Marketing Marley in 2021Tuesday, May 11, 2021
BY HOWARD CAMPBELL
BOB Marley had no shortage of well-heeled admirers. Stevie Wonder, Roberta Flack, Paul McCartney, George Harrison and Carlos Santana befriended him or sang his praise when he was alive.
Forty years after his death at age 36, Marley is a pop music icon whose songs have been covered or sampled by numerous artistes. How would Bob Marley have fit in today's social media culture and evolving trends?
“If Bob Marley was alive today he would be as big as The Rolling Stones and selling out stadiums around the world. He would be hanging out with his fellow icons like Stevie Wonder and U2,” music industry veteran Wayne Jobson told the Jamaica Observer. “But he always had his ear to the ground, and so he recorded Trenchtown Rock (Kingston 12 Shuffle) with U-Roy at the beginning of U-Roy's career. Today, he would also be working with younger artistes like Drake and Rihanna.”
Jobson, whose cousin Dickie Jobson worked with Island Records, the company that distributed Marley's most successful albums, admits a young Bob Marley would be a tough sell in the music business today.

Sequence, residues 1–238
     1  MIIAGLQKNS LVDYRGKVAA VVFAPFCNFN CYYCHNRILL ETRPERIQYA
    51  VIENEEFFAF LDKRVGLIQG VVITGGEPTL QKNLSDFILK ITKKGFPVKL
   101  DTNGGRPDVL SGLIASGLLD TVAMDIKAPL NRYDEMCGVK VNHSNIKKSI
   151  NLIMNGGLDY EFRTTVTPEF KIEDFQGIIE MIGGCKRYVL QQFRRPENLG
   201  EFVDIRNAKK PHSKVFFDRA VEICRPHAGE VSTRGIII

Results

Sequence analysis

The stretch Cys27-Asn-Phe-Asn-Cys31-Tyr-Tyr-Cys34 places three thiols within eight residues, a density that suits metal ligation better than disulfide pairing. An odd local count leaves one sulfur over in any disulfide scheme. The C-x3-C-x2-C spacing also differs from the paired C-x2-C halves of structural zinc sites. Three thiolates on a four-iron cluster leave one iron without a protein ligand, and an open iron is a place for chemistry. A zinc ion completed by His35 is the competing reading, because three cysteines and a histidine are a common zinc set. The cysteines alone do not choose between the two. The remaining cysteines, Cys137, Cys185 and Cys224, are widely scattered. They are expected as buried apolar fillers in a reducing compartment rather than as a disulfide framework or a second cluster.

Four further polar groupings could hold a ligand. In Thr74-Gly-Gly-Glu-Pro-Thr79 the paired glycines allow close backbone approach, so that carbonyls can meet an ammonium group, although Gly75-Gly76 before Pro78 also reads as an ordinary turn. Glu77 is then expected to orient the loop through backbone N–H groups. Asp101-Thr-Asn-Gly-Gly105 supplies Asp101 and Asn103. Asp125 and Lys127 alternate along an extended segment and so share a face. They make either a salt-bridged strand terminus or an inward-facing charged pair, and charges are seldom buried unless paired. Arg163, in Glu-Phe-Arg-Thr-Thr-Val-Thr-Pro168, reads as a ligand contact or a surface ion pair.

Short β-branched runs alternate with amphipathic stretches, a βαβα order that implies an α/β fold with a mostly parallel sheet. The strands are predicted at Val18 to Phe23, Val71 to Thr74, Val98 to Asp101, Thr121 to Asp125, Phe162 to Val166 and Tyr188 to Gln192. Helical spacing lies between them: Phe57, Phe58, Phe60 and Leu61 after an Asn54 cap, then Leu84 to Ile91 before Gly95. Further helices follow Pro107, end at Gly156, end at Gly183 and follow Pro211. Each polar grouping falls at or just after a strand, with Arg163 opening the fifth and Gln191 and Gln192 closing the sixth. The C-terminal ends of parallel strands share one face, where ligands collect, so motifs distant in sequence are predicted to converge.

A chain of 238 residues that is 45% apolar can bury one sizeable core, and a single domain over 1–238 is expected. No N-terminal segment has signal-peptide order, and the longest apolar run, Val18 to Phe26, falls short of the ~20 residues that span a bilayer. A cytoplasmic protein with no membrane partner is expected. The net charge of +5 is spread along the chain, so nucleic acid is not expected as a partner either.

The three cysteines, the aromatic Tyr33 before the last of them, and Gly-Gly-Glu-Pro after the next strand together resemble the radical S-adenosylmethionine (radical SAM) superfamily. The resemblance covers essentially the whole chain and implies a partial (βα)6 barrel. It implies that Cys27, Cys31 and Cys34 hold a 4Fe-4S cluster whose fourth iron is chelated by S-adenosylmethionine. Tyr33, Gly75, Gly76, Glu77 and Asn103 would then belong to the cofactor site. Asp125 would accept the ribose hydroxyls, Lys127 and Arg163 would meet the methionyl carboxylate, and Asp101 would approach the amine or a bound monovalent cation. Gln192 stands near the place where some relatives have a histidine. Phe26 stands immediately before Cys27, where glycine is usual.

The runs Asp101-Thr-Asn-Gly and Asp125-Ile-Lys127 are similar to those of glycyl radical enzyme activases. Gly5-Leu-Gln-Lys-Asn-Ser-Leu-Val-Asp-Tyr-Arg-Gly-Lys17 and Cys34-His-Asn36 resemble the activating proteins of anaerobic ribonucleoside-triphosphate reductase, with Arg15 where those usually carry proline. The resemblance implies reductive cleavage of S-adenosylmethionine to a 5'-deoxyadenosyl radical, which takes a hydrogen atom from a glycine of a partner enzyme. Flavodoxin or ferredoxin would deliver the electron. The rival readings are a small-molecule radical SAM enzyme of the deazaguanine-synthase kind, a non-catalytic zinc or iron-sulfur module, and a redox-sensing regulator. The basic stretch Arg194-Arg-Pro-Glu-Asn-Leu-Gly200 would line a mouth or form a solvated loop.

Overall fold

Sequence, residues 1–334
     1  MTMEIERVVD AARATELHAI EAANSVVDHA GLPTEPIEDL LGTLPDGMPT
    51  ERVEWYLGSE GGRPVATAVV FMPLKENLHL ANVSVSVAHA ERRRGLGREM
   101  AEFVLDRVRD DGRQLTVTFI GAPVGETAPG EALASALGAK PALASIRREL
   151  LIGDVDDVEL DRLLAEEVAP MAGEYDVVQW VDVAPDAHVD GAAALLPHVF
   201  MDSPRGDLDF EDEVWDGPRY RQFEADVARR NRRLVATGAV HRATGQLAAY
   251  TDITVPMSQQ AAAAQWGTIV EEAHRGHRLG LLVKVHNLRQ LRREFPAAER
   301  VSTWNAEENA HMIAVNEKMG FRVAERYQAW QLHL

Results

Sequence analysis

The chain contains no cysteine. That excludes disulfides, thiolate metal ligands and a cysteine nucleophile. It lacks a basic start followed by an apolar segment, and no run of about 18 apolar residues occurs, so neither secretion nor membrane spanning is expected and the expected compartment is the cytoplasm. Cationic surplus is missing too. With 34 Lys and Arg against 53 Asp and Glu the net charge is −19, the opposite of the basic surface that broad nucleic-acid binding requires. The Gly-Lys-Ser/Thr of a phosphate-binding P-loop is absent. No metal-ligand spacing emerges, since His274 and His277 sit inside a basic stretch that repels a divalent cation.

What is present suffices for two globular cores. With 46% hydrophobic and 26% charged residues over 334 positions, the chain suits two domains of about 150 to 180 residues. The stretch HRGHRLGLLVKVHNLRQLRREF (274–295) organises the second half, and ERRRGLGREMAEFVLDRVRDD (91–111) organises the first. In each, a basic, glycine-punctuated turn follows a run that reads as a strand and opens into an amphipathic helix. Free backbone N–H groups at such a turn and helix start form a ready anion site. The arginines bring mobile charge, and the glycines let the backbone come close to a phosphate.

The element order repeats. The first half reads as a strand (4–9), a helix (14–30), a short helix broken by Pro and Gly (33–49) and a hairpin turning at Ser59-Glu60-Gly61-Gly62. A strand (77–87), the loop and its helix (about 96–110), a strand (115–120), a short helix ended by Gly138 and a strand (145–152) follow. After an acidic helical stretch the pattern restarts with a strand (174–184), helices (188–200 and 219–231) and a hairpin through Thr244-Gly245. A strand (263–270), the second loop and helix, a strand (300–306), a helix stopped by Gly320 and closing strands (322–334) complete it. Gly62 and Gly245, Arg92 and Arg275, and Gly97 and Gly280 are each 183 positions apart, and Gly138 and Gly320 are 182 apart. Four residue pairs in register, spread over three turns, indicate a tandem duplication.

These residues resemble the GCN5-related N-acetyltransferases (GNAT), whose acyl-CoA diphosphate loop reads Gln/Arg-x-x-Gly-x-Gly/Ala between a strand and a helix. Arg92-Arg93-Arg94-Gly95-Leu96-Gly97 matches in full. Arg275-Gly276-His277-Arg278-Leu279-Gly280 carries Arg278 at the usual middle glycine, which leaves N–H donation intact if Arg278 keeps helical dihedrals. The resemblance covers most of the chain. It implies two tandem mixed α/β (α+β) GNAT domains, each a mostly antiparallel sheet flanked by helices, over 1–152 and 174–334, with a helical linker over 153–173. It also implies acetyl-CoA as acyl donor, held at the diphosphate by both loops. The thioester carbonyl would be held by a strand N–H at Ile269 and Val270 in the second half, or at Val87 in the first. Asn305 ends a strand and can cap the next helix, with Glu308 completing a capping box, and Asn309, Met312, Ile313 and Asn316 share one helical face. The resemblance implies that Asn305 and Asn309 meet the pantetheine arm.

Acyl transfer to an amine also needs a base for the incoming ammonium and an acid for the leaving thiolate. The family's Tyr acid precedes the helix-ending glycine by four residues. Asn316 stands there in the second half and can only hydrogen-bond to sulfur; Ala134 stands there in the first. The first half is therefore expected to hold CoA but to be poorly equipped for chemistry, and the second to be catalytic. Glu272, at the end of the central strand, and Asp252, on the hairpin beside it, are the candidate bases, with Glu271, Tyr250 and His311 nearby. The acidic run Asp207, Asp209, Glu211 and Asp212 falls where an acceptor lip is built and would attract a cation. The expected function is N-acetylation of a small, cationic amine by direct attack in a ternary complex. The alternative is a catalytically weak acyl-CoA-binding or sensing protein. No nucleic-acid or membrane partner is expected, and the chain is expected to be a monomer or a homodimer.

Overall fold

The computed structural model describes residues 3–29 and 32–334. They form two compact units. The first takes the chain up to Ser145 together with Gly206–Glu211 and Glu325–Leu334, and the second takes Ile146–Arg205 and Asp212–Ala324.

Record company executives are no longer interested in developing careers of message artistes like Bob Dylan, Joan Baez or Joni Mitchell. Quick sales are the order of the day.
“One of the main reasons that Bob made it in the 70s was because he had one of the greatest record men of all time, Chris Blackwell, and Island Records behind him. In today's music business it is even harder to break with so many artistes out there,” said Jobson.
“So, if Bob was just starting out now he would need another visionary record company to spend a few million dollars, just to get him noticed. Bob always toured a lot but he would have to be touring constantly now if he was a new artiste, as all new artistes have to. The reason why 'Cali' reggae bands have become so big is because they play every night of the year,” he added.
The Cali reggae sound is driven by bands like Stick Figure, Rebelution, and Tribal Seeds. Their non-stop touring is similar to pre- MTVrock and reggae bands who hit the road to promote their latest albums.
With social media, such arduous trekking is no longer necessary.
“It's impossible to sell millions of albums today, so one has to focus on a single and find a way to get it noticed like with commercials, film, TV or TikTok. The biggest Jamaican song of the past five years is Banana by Conkarah and Shaggy with one billion streams – and that is because of TikTok,” Jobson explained.
However, like Dylan or Jimi Hendrix, he believes there would still be a place for Bob Marley.
“Whether 50 years ago or today, Bob Marley would still be a major star no matter what, as it is hard to hold back that level of genius,” Jobson said.
Now you can read the Jamaica Observer ePaper anytime, anywhere. The Jamaica Observer ePaper is available to you at home or at work, and is the same edition as the printed copy available at https://bit.ly/epaper-login